Palomid 529 (P529), an experimental therapy to treat age-related macular degeneration, has been entered into the first-in-man studies, Paloma Pharmaceuticals, Inc. announced.
Palomid 529 is a non-steroidal, synthetic, small molecule drug created through computational design, synthetic and medicinal chemistry.
Palomid 529’s targets and inhibits the PI3K/Akt/mTOR signal transduction pathway as a dual TORC1/TORC2 inhibitor. It is a first-in-class PI3K/Akt/mTOR inhibitor causing the dissociation of both the TORC1 and TORC2 complexes.
The PI3K/Akt/mTOR pathway has been implicated in a wide variety of biological responses and is considered a major therapeutic target in an assortment of diseases.
Ocular diseases of neovasculature, age-related macular degeneration (AMD) and diabetic retinopathy (DR), create aberrant retinal vessels by secreting pro-angiogenic factors to induce the angiogenic cascade.
Aberrant vessels caused by pathological angiogenesis produce a variety of pathologies including edema and hemorrhage due in part by release of vascular endothelial growth factor (VEGF), inducing angiogenesis and vascular leakage.
As the PI3K/Akt/mTOR pathway is activated by a wide variety of pro-angiogenic cytokines, including but not limited to VEGF, agents capable of inhibiting the pathway is an attractive target for therapeutic intervention.
Central within the PI3K/Akt/mTOR signaling pathway are two distinct protein complexes, TORC1 and TORC2. TORC1 antagonists (rapamycin, also called Sirolimus) have shown activity in animal models of AMD and DR, and in human clinical trials.
As inhibition of both TORC1 and TORC2 should result in greater control of PI3K/Akt/mTOR signaling, dual inhibitors such as P529 would be expected to exert increased activity in back of the eye diseases of neovasculature.
The Phase I study, “A Phase I Open-Label Study to Investigate the Safety, Tolerability and Pharmacokinetic Profile of Single Intravitreal and Subconjunctival Doses of Palomid 529 in Patients with Advanced Neovascular Age-Related Macular Degeneration” will be a dose-ranging study aimed at safety but will also have objective measurement for efficacy.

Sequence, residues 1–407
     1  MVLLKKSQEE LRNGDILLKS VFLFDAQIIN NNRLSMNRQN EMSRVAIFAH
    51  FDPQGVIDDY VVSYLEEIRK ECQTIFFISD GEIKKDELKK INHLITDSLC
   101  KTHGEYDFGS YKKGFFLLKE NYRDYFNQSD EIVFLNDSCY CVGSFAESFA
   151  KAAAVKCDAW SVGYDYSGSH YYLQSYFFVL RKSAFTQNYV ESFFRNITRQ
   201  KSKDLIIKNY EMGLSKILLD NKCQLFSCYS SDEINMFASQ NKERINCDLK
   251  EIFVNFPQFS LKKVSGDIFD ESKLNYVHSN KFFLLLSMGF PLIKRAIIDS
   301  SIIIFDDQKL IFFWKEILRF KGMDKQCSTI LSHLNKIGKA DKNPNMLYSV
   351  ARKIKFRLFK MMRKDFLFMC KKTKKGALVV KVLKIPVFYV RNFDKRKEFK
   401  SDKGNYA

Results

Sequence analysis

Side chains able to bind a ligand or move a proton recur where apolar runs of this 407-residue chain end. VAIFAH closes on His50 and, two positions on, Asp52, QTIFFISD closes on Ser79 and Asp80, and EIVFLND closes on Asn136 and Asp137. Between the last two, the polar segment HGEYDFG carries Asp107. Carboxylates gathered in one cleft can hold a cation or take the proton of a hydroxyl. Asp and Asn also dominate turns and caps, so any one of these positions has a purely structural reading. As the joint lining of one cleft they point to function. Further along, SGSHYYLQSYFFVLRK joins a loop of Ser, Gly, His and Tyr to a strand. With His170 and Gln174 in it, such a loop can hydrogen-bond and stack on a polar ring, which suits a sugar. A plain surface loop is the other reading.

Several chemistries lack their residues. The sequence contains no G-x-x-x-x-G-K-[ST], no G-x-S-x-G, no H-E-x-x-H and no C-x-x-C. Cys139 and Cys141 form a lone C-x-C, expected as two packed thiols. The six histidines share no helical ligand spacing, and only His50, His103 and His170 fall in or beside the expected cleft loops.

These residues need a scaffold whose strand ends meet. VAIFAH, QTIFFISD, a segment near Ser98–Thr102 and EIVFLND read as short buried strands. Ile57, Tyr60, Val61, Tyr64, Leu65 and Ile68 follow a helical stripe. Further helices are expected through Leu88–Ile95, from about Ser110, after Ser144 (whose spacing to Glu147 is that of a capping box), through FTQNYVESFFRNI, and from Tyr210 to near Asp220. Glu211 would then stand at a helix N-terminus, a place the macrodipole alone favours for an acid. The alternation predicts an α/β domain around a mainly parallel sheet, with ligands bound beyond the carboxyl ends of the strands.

“As P529 is an inhibitor of both the TORC1 and TORC2 arms ultimately controlling the PI3K/Akt/mTOR pathway it would be expected to have broad activity as an anti-angiogenic agent and further inhibit vascular permeability, two aspects that make a compelling story for clinical studies in AMD. We look forward to working with Paloma Pharmaceuticals on this interesting approach to wet AMD,” said Dr. Jeffrey Heier, M.D., principal investigator of the study with Ophthalmic Consultants of Boston.
“This external validation of P529 as a therapeutic agent to combat eye disease gives credence to not just our program for ocular disease but as P529 will be used formulated for other therapeutic areas, it also leads the way for acceptance of up-coming Phase I studies in cancer, epilepsy, dermatologic diseases and other indication areas in our pipeline,” stated Dr. David Sherris, Ph.D., president and CEO of Paloma Pharmaceuticals.
Acucela Inc’s ACU-4429 is another investigational oral treatment for dry age-related macular degeneration (dry AMD), currently undergoing clinical studies.
ACU-4429 utilizes Acucela’s visual cycle modulation (VCM) technology, and is designed to prevent or inhibit the generation of toxic by-products of the visual cycle that can lead to degenerative eye conditions like dry AMD.
Preclinical data indicate that ACU-4429 slows the rod visual cycle, resulting in decreased accumulation of a toxic by-product that is the precursor of lipofuscin, which are deposits of toxic substances.
Paloma Pharmaceuticals, Inc. is a drug development company with PI3K/Akt/mTOR inhibitors for cancer, ocular diseases (AMD and DR), CNS (epilepsy, Parkinson’s, Alzheimer’s, Huntington’s and Schizophrenia), fibrotic diseases (pulmonary and renal fibrosis), antiviral (HIV, HCV) and skin diseases (psoriasis and atopic dermatitis).